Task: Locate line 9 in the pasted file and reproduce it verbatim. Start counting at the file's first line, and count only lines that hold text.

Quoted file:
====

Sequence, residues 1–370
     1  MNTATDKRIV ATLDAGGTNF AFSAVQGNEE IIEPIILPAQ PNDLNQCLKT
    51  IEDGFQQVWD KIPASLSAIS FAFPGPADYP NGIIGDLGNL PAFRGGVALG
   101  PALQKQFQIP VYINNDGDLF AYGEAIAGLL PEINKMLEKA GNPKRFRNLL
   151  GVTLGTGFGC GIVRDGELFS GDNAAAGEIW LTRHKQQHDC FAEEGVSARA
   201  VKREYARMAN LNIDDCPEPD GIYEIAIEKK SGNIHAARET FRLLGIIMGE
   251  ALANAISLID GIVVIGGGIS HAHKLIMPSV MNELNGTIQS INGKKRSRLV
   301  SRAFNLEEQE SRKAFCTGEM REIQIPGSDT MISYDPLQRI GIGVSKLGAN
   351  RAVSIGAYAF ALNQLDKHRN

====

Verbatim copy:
   351  RAVSIGAYAF ALNQLDKHRN